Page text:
It's been more than four months since Hawthorne Heights guitarist Casey Calvert was found dead on his band's tour bus outside the 9:30 Club in Washington, D.C., and in that time, his bandmates have struggled mightily to come to grips with the loss of their friend and musical compatriot.
After Calvert's shocking death from an accidental drug interaction, being in Hawthorne Heights didn't seem all that important anymore. The remaining members — frontman JT Woodruff, drummer Eron Bucciarelli, bassist Matt Ridenour and guitarist Micah Carli — returned home to Ohio and stopped speaking to one another, retreating instead into the arms of their families and loved ones. It took them months to even think of picking up their instruments again, and when they finally did, something just wasn't right. Things just seemed different without Calvert there, cracking jokes and making up insane riffs on the spot.
"There was a period of time [after Calvert's death] where we did nothing and tried to wrap our minds around everything that had been going on," Bucciarelli told MTV News. "Each one of us took it a different way. It affected each of us differently. I personally wanted to jump in and start practicing; some of the other guys wanted to take a little bit more time. Everybody deals with stress in a different manner. And it took us awhile before we were able to start moving forward."
But though they were struggling, the thought of ending Hawthorne Heights never entered their minds. They had promised Calvert's mother they would go on. So when they took the stage on Sunday at the Bamboozle Left festival in Irvine, California, for their first show without Calvert, they did so with mixed emotions: equal parts sadness, nervousness and — to be frank — relief.
"Over the past couple months, we've just been picking up the pieces and trying to become a band again," Woodruff said. "And we're obviously not going to be like we were, but we've gotten a lot stronger and closer. And finally, we decided that it was time to play again. Because we want to remember what this was like, and see our fans and a bunch of our friends, and see the positives of the music community, and not the negatives we've been dealing with for a while now."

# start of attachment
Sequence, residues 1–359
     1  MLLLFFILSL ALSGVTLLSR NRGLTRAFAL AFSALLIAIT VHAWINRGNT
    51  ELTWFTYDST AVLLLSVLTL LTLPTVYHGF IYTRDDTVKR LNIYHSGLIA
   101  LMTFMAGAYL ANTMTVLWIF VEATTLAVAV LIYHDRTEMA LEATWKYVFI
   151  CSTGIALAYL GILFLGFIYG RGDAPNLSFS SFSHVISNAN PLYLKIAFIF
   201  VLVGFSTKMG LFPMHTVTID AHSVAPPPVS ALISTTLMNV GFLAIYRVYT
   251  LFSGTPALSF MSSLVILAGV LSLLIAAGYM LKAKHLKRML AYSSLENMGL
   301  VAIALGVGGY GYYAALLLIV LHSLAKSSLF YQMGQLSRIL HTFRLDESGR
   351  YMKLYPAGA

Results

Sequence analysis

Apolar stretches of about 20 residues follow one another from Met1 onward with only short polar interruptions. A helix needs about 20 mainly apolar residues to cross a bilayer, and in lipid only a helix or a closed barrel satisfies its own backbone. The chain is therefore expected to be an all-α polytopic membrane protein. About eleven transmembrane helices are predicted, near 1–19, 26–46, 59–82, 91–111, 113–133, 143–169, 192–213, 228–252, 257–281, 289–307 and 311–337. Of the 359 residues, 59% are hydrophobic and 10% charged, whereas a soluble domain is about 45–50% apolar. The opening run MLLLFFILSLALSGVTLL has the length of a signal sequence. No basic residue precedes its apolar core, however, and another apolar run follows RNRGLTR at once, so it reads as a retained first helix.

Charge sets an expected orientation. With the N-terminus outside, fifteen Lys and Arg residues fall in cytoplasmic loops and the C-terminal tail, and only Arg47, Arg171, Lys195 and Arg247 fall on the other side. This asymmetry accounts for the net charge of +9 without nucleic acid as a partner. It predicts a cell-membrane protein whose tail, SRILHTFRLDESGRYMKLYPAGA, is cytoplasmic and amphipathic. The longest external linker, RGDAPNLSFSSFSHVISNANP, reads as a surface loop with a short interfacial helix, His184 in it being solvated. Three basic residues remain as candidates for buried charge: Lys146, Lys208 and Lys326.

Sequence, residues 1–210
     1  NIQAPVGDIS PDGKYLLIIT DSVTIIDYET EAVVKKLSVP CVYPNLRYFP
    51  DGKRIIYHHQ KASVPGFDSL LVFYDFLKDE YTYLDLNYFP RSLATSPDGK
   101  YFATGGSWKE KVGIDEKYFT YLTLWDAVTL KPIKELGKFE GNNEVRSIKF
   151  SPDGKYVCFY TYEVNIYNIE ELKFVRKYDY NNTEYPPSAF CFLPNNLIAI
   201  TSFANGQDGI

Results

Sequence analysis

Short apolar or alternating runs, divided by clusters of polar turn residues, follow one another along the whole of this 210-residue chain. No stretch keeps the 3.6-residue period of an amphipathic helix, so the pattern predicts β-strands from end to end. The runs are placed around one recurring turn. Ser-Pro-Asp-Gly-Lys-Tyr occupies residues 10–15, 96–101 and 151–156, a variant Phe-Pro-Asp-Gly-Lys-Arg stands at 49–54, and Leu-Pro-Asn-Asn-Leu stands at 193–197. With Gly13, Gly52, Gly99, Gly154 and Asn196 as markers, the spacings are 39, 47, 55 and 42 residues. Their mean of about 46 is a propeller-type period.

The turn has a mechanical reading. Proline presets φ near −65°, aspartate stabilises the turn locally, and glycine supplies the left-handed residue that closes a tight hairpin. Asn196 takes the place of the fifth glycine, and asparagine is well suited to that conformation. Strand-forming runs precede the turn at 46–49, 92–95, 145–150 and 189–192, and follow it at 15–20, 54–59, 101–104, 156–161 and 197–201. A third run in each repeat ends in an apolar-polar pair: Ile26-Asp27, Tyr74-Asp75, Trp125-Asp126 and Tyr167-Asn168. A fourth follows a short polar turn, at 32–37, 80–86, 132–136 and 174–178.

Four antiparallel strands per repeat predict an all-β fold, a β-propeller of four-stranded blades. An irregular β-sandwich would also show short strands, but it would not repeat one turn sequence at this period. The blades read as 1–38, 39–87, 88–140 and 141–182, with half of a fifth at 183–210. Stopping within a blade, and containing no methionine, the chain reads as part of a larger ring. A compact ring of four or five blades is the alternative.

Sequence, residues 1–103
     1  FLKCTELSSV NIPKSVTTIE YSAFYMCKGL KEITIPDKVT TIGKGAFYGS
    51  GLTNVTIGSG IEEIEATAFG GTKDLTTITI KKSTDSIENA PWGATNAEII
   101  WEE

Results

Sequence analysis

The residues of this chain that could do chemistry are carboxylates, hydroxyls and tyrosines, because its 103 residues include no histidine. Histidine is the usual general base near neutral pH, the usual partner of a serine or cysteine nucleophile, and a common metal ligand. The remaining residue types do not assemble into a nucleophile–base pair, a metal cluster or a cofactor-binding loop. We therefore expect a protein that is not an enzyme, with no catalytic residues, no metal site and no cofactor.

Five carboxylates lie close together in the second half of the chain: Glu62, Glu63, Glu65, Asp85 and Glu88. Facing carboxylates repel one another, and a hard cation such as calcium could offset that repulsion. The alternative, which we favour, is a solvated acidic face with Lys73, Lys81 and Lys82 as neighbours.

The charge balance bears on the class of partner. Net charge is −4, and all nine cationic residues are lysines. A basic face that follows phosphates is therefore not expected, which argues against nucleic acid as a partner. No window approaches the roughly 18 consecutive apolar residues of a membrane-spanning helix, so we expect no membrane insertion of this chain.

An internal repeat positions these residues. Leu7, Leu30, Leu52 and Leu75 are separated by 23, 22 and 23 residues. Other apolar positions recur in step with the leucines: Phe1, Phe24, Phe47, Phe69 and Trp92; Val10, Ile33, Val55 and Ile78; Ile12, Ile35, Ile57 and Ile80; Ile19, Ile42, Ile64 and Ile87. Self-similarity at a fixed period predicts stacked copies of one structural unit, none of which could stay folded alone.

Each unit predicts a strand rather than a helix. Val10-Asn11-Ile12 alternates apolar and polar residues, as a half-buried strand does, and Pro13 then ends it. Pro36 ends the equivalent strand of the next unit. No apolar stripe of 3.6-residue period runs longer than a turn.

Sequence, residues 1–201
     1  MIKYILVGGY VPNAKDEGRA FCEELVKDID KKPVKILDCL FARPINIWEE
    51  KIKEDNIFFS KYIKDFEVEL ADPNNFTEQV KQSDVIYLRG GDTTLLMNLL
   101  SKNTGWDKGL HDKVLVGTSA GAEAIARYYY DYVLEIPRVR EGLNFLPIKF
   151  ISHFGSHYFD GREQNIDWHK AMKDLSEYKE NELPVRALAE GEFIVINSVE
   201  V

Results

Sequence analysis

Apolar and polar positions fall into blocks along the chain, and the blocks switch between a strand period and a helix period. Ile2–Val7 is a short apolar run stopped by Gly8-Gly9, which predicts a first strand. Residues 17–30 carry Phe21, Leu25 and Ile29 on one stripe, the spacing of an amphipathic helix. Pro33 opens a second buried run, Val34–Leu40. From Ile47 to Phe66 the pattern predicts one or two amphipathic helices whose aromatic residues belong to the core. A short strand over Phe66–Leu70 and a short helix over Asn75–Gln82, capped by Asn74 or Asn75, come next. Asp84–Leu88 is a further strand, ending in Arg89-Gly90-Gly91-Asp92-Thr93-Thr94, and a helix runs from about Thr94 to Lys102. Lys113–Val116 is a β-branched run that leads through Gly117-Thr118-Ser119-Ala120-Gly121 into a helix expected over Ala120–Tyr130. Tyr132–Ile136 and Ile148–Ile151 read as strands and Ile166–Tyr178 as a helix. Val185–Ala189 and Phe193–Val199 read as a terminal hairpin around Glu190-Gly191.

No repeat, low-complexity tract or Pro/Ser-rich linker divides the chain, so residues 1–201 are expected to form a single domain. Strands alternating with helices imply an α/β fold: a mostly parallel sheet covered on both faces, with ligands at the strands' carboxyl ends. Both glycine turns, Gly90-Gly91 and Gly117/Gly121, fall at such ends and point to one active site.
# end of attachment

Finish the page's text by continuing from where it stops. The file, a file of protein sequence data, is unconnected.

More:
Those "negatives" are the rumors that persist in the wake of the D.C. medical examiner's findings that Calvert — who was, by all accounts, never an abuser of drugs — died of the combined effects of prescription drugs, brought on by "substance abuse." HH said that the report didn't give them any closure, and its rather vague wording has helped perpetuate the myth that Calvert was a drug addict.
"At the end of the day, it doesn't matter how you lost your friend, your friend is gone," Bucciarelli sighed. "People have been super-supportive throughout this, and that's really encouraging. It was nice to see the Internet rumor mill sort of quiet down a bit, and people just sort of focusing on the fact that somebody was lost, and it's unfortunate."
Obviously, they carried all of those emotions onto the Bamboozle stage, which is why that 30-minute set was one of the most important, and difficult, they've ever played.
"We've never done this before as a four-piece, so there's a lot of anxiety right now," Woodruff said, minutes before going onstage, but they managed to power through. And, most noticeably, they began the process of being a band again, performing three new songs: "Come Back Home," "Declaratory Judgment Day" and, at set's end, "Five Becomes Four," which was written in Calvert's memory.
"The last song we played is a song we're calling 'Five Becomes Four,' though we'll probably change the title. And it represents us losing Casey and how hard it is and how much he meant to us," Woodruff said. "It was a really hard song to play. It was hard to sing the words ... but I'm happy we played it and I'm happy our fans got to hear it."
After the show was done, they stood backstage and began to talk about something they haven't been able to discuss for a while now: What's next. They've been confirmed to appear on this summer's Projekt Revolution tour alongside headliners Linkin Park, and they're hoping finally to resolve their long-running lawsuit with their former label, Victory Records, so they can hit the studio and record the long-awaited follow-up to If Only You Were Lonely.
"We're never going to forget [Casey]," Woodruff said. "We've got the tattoos and everything. His sister just had a baby, in January, and the baby's name is Casey Grace, so he's always going to be there. And if anything good has come out of this, it's that we all reconnected with one another. On tour, one day blends into the next, and a lot of stuff gets lost. But now, when we go back out, we'll be energized and ready. We've been sitting at home long enough."